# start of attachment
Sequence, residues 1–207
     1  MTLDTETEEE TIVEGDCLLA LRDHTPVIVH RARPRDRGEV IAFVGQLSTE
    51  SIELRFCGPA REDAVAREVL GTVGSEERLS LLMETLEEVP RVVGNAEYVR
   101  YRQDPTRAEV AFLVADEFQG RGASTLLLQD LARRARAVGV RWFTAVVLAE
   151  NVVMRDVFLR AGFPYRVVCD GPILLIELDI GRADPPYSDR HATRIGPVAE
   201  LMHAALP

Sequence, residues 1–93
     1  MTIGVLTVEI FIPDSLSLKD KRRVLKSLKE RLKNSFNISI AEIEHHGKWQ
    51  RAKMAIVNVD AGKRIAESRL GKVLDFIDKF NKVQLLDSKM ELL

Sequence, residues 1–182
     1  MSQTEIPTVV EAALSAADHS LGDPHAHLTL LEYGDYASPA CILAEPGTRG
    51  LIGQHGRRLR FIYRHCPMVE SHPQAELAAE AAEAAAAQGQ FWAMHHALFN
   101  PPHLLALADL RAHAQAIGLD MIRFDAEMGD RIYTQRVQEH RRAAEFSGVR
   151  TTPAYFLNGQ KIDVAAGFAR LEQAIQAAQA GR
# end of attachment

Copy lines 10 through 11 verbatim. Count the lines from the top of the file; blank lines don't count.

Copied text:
Sequence, residues 1–182
     1  MSQTEIPTVV EAALSAADHS LGDPHAHLTL LEYGDYASPA CILAEPGTRG